By Katie Staal
At the primary convention in Denver, Colorado in 2008, Barack Obama was elected as the Democratic Party candidate. A historic move for the United States, and one that is forever etched into my memory, and the memories of millions of people across the world. Obama, of course, ran against Hillary Clinton. When we discussed this at school the next day, my politics teacher clumsily explained in short that: ‘America was more sexist than racist’, at least in the Democratic Party vetting process. Of course I’m not sixteen anymore and I know now that both race and gender injustices are sourced from the same generic fear of the unknown. This is why feminism always stands at its most powerful when it is fully intersectional and inclusive.
Throughout the 2016 political campaign, the words from my teacher floated eerily back into my mind. How was America going to define itself when faced with the first election in modern history with a female candidate to complete the race? Post-Brexit blues had left many Londoners with a sour taste in their mouth so last week’s election found me pessimistic, and with a sinking feeling in my stomach. As I drifted uneasily to sleep, I considered that perhaps this time America was going to vote in force as a nation of unacknowledged sexists. Although the vote was close, this was ultimately confirmed as I woke up the morning after.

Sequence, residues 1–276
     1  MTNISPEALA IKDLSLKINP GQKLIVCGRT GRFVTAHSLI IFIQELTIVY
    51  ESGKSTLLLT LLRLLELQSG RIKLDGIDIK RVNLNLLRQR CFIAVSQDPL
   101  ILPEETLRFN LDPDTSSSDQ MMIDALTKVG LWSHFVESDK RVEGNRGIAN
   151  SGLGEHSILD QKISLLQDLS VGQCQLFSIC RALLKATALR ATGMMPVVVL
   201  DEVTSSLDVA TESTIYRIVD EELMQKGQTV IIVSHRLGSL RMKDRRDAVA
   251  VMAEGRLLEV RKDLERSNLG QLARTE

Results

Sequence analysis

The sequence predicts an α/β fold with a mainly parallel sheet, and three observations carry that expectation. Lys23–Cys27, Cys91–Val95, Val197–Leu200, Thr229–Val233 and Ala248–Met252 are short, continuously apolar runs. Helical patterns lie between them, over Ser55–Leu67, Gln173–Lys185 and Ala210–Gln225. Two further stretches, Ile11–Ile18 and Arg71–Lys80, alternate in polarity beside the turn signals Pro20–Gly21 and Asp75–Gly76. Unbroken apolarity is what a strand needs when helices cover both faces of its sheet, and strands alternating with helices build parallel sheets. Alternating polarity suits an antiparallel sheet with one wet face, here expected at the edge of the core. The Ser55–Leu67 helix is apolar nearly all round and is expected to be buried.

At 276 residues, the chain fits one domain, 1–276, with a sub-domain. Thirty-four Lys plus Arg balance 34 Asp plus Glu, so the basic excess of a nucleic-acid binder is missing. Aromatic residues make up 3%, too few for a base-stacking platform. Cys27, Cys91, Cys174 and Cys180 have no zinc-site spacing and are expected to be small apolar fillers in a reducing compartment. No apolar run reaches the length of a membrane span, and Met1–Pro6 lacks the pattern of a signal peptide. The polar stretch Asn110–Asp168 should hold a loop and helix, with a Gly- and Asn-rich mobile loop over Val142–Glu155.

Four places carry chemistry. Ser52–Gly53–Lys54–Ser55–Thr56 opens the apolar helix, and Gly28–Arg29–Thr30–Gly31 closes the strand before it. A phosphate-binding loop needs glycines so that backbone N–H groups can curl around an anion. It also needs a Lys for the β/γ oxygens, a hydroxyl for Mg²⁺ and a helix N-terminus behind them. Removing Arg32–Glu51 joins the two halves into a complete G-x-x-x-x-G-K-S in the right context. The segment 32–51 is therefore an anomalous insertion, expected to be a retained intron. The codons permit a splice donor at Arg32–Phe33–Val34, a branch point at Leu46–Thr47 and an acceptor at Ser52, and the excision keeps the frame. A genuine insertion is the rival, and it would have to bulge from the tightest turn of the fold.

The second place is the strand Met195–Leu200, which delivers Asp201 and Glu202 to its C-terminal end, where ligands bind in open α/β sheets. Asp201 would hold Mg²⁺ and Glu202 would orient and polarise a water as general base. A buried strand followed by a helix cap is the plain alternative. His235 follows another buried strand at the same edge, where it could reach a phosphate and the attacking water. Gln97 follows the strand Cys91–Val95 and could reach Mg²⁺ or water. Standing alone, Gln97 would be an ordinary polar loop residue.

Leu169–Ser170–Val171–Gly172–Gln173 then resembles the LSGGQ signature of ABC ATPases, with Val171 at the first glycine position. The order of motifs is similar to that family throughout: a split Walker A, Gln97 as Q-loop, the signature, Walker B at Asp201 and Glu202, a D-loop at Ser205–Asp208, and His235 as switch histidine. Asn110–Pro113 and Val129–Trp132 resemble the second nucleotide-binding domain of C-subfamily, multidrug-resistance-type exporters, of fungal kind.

Hilary Clinton, although certainly a right-wing Democrat, has had a history of compassionate activism. She holds a bounty of political and legal qualifications along with a pre-existing reputation as the silent influencer of the Bill Clinton Presidency. ‘Mrs’ Clinton pushed for healthcare policy from within the White House before the nation had even muttered the name Barack Obama.
But after a thoroughly misogynistic campaign, America has voted for an unqualified candidate and, as a result, an unstable and unpredictable future. Perhaps people forget that ‘politician’ is a profession, just as a plumber or a builder.
As a woman I feel personally victimised by the white, uneducated men of the United States. The smug faces of those who believe so vehemently in the vague, impassioned, and colonial hyperbole of ‘taking back what’s ours.’ As white men, they have had undeniable privilege handed to them, and yet they feel the need to ‘take’ even more for themselves. The worst part: they have voted in this direction because of the years of pent-up frustration towards people who make a habit of calling out hurtful or derogatory behaviour. Political correctness becomes the enemy, and the extreme right surge into the mainstream.
All this aside, there is a lesson to be learnt here, and it is one that could potentially elevate feminism to a fully ‘commercial’ level in the eyes of a wider group of men. Since I discovered that there is a name for what ‘sexism’ is, I have realised how I am affected by it every single day. People are naturally opposed to strong inflammatory words, like ‘sexism’ or ‘racism’, but having a name to describe my experience gave me the golden opportunity to share it with others. Discussing feminism in social groups was both an emboldening and terrifying venture — empowering, as you find amongst your peers the feeling that you’re not alone. Terrifying because you live on the edge of an argument, with your feminist beliefs placing you on the knife-edge of often nasty and emotional disagreements. Often with a white man.